The ministry is worried that although a large number of parents start vaccination programmes for their children not long after birth, many drop out at nine months and do not continue through to the last two immunisations at 18 months.
This, according to the ministry, creates a dangerous situation where many of these children become vulnerable to diseases that could have been easily prevented.
Speaking at the launch of the Social Mobilisation and Demand Generation Campaign as part of the Ghana Second Year of Life (2YL) Project, Deputy Minister of Health, Tina Mensah urged parents to “ensure that they go the full circle by embracing all the effective health interventions freely available to all children in Ghana from birth through to age five”.
Statistics provided by the Ministry of Health, for example, indicate that although nine out 10 children receive the first dose of measles-rubella vaccine, only six out 10 children receive the second dose, thus making them vulnerable to diseases.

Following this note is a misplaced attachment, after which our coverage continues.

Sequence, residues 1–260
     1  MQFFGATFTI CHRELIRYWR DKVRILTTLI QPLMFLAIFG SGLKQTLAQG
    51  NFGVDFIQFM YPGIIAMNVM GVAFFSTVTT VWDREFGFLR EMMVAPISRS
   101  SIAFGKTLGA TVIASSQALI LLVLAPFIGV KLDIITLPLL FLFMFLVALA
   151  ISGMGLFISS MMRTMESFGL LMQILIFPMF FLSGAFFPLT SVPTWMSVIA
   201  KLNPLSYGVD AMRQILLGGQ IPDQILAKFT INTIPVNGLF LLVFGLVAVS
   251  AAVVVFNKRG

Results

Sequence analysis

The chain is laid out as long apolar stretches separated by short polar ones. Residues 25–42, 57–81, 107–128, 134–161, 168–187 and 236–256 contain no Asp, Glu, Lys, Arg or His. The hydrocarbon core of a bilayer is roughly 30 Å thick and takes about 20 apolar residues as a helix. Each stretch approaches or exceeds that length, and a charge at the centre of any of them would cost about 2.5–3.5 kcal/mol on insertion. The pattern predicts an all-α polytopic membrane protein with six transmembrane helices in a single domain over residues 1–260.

Measles is a highly infectious disease that can cause fever, rash, blindness, brain damage and a host of other illnesses, but can be prevented with two doses of measles-rubella vaccine, which is part of routine immunisation in Ghana.
The project, however, aims to ensure that children in Ghana are fully protected against all vaccine-preventable diseases.
The Second Year of Life, thus, offers another opportunity to children who could not be vaccinated for some reason during their first year of life.
Deputy Director General of Ghana Health Service, Dr Gloria Quansah-Asare stated that although progress has been made in the fight against vaccine-preventable diseases, a lot more grounds need to be covered to consolidate the gains.
She dispelled a popular notion among the general public in Ghana that childhood immunisation is a health intervention only for children under one year.
“The popular notion among the general public in Ghana that childhood immunisation is a health intervention only for children under one-year-old is out-dated”.